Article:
My favorite bookstore Borders just announced today that it is closing all its stores. Recession may be over, but times remain challenging — especially for small businesses.
Getting capital remains hard, while customers remain guarded and cautious about their spending. There’s still the looming economic uncertainty, plus growing concern about what Washington’s next move would be.
To survive these uncertain times, here are some strategies to consider:
1. Streamline your processes to improve operational efficiencies.
Layout all the processes involved in your business. Think of everything that you are currently doing, listing all the steps needed to complete the process. This is especially true with the administrative processes that your business is using. Find ways you can streamline your process, while at the same time improve accuracy, including checking available technology that can save you on cost, and cut back the time.
2. Negotiate everything.
Always check if the prices of the items you are buying for your business can be lowered. Negotiate everything — even on items that you may think cannot be negotiated (you never know until you try!). Try to get better deals from suppliers, get better financing terms on equipment purchased, and negotiate purchases such as insurance.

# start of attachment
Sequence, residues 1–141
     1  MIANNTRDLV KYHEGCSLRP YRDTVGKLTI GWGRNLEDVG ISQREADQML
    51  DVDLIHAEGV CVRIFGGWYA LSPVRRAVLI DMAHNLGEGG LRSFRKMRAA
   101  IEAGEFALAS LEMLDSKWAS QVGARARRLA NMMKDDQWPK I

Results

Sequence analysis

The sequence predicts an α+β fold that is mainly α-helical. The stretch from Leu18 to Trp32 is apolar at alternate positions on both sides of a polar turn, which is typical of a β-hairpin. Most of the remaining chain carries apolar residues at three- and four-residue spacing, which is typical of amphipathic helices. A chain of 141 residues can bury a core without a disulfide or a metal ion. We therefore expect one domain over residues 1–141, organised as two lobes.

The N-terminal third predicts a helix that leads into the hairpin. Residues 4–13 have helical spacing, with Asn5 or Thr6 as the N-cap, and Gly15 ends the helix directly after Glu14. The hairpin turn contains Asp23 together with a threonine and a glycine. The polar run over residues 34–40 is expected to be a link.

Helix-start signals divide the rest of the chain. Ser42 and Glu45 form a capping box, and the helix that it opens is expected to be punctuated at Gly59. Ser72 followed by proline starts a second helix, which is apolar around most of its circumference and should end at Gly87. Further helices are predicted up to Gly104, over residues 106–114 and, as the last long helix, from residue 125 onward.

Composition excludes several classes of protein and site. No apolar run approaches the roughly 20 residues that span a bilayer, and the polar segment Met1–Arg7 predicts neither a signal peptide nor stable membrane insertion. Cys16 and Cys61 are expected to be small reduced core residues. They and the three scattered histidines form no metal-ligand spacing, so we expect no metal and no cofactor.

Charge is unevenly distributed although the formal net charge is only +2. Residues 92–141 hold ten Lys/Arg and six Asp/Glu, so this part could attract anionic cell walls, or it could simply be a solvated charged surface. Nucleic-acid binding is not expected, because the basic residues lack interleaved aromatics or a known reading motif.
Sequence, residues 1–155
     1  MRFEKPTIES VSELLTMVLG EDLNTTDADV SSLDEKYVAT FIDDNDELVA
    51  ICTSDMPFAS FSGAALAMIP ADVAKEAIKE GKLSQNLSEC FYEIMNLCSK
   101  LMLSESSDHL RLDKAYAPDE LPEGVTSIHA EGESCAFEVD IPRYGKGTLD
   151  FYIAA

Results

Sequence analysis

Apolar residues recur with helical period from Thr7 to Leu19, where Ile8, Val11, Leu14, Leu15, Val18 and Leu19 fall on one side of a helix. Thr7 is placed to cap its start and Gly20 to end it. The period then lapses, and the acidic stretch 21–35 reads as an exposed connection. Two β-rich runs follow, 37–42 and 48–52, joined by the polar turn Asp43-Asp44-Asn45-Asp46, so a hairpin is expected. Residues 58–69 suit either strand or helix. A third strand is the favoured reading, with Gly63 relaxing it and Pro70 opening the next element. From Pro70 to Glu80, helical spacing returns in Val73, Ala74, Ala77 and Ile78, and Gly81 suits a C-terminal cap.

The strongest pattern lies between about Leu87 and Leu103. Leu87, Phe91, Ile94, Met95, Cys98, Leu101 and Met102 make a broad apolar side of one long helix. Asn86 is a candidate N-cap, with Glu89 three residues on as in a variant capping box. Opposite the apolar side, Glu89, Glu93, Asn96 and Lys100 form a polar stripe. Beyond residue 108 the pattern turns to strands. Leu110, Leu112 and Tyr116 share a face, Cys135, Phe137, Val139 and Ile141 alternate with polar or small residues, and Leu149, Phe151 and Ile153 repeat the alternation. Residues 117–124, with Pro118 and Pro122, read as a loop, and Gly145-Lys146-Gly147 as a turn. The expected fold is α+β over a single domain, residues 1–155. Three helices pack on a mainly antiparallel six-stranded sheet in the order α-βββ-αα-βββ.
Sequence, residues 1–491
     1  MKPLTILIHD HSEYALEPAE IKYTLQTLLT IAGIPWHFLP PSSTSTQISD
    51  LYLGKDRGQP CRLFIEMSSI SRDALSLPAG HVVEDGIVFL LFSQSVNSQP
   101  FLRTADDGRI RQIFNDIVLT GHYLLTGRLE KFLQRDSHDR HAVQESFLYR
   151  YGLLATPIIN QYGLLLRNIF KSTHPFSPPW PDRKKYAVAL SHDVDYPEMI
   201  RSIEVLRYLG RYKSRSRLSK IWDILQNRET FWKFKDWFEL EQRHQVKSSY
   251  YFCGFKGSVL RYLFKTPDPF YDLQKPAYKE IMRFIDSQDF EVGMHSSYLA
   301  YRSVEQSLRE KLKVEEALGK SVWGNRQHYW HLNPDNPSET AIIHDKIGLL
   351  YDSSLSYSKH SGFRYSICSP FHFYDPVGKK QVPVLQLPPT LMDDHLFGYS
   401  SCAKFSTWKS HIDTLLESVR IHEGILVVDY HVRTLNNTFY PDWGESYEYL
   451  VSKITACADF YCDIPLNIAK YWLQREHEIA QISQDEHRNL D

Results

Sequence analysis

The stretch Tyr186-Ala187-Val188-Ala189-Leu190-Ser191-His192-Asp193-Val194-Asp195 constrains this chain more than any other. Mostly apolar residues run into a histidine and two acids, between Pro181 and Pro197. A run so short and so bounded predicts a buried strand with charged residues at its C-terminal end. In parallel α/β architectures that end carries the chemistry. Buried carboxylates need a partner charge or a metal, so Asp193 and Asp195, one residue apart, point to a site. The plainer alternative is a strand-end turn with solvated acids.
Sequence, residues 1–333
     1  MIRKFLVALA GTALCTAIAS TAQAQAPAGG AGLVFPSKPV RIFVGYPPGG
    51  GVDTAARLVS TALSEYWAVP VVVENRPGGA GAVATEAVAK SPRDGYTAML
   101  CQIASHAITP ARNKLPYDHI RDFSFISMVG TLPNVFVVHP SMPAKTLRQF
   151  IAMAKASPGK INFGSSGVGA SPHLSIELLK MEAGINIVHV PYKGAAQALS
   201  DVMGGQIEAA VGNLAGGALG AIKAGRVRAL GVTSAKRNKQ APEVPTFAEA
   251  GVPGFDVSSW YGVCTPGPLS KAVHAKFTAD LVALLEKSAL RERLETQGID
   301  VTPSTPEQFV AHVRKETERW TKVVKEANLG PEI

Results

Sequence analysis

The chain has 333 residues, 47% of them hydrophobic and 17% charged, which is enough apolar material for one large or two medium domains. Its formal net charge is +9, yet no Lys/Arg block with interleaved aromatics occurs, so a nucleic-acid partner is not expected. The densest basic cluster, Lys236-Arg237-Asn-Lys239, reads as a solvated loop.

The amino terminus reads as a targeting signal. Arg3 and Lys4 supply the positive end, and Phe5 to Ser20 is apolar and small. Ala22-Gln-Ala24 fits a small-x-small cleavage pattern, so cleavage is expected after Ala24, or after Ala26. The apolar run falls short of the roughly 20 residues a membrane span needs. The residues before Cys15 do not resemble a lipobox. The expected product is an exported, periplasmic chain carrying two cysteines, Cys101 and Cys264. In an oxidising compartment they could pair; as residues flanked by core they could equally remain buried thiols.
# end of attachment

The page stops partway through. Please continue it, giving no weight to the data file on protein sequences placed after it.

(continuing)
3. Boost networking and referrals.
When times are tough, now’s the time to work overtime on your marketing. Network with other businesses, particularly those that are complementary to your own business, and work with them on referrals. If you run a painting contracting business, for example, try to partner with real estate agents in your area who can introduce you to new homeowners that may need their new houses painted or to sellers who need to paint to spruce their houses for sale.
4. Talk to customers and ask questions.
Customers react to tough economic times and adjust their behavior, spending habits and preferences accordingly. Find out how they are changing how they buy in the face of a recession. They may stop purchasing some items, buying lower cost alternatives, or changing how they consume things. If your clients are businesses, they may be eliminating products, negotiating different terms, foregoing special offers, changing how they negotiate credit lines. The more you know about how your customers are adjusting their spending and purchasing habits, the better you are able to present your business in ways that address their concerns.